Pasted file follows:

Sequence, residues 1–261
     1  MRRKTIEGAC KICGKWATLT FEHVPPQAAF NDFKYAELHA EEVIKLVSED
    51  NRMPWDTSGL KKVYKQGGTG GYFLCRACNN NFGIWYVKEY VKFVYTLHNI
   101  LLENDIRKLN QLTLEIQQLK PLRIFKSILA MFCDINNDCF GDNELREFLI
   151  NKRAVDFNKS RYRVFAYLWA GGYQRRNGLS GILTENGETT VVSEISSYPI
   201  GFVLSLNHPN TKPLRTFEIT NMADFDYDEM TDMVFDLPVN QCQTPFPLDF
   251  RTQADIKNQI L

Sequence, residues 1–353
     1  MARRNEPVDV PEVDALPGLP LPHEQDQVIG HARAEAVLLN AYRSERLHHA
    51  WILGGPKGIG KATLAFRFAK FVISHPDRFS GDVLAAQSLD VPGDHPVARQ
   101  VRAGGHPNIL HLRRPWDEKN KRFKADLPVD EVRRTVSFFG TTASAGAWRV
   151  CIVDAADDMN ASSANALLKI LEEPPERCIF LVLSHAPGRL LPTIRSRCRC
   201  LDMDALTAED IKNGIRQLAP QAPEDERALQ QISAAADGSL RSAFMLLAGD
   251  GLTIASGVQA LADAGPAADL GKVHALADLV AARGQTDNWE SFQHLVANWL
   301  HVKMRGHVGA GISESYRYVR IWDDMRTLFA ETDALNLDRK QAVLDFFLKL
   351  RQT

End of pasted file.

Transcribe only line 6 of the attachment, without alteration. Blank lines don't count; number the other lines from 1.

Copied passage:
   201  GFVLSLNHPN TKPLRTFEIT NMADFDYDEM TDMVFDLPVN QCQTPFPLDF